As expected, Paula Deen made her scheduled Today show appearance this morning, and, during a long segment, encountered a Matt Lauer in full calm-but-tough mode. Deen, however, was more defiant than apologetic.
"I am here because I want people to know who I am," Deen said after Lauer asked if her motivation for appearing on the show was to "stop the financial bleeding." Deen continued: "People I have never heard of are all of a sudden experts on who I am — you know what distresses me the very most, Matt? Their words are being given weight."
As the interview started, Lauer kept returning to the business side of the scandal and Deen's lost partners Food Network and Smithfield Foods. At one point, he asked her, "Given the circumstances, would you have fired you?" (Deen paused for a moment before responding with an obvious "no," then thanked the sponsors that have stuck with her.)
Deen's agenda was clear: Downplay the damage done from the Food Network and Smithfield situations, forcefully state that she isn't a racist, clarify that she hasn't used the N-word in a very long time, and, more than anything, play the victim.
After Deen clarified that she has not used the N-word since she was robbed at gunpoint in 1986, Lauer tangled her up with a direct line of questioning:
Lauer: "Other than that one time, that robbery in the bank, you're telling me you've never used the N-word?"
As Deen was finishing her story about the robbery itself, Lauer jumped in again:
Lauer: "So reports that you were asked in that deposition whether you had used the N-word on other occasions and said 'probably' or 'of course' are inaccurate?"
Deen: "No, I answered the question truthfully."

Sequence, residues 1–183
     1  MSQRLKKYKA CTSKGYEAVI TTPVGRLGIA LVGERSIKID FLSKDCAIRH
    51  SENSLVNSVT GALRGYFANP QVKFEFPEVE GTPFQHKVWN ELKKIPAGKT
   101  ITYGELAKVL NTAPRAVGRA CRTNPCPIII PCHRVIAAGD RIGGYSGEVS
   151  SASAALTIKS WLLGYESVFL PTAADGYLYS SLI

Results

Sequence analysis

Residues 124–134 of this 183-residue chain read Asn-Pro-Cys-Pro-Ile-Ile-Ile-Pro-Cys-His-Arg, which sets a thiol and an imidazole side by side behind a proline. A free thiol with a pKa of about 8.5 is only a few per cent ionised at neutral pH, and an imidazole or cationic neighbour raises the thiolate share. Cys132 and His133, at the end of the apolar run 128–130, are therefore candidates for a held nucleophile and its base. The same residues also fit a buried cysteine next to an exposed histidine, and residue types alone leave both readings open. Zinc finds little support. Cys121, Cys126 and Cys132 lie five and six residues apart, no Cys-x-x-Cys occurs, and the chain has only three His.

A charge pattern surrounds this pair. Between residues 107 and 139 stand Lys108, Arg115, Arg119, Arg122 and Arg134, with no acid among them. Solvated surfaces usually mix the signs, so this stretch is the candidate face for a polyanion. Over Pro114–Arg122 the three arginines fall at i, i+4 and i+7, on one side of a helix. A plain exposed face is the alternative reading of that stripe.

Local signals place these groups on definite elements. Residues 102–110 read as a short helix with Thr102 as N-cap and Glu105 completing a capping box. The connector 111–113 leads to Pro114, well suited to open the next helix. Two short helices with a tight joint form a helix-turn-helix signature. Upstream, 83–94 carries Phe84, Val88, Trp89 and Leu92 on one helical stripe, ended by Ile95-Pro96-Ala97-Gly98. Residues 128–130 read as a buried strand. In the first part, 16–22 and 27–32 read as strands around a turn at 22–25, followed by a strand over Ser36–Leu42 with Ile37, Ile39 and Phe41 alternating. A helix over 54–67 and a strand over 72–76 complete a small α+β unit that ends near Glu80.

Lauer: "So — you have never used the N-word other than that one occasion?"
Deen: "No, it's just not a part of who we are."
Otherwise, she stuck more or less to the script before straying in some notable ways. The first was when she appeared to place blame on young African-Americans for continuing to perpetuate use of the N-word. Here's Deen after Lauer asked her if she has any doubt that the N-word is offensive to African-Americans:
I don't know, Matt. I have asked myself that many times because it is very distressing for me to go into my kitchens and I hear what these young people are calling each other. It is very, very distressing. [Lauer asks if she's ever joined in on "that language"] No, absolutely not. It's very distressing. It's very distressing for me because, I think, that for this problem to be worked on that these young people are gonna have to take control and start showing respect for each other, and not throwing that word at each other. It makes my skin crawl.
The other interesting part came at the end as Deen, crying, continued to defend her character:
I've had to hold friends in my arms while they've sobbed. Because they know what's being said about me is not true. And I'm havin' to comfort them and tell them it's going to be all right. If God got us to it, he'll get us through it. I'm having wonderful support form Reverend Jackson. I've had wonderful support.
And I'll tell you what. If there's anyone out there that has never said something that they wish they could take back — if you're out there, please pick up that stone and throw it so hard at my head that it kills me. Please. I want to meet you. I is what I is and I'm not changing.
There's someone evil out there that saw what I had worked for, and they wanted it.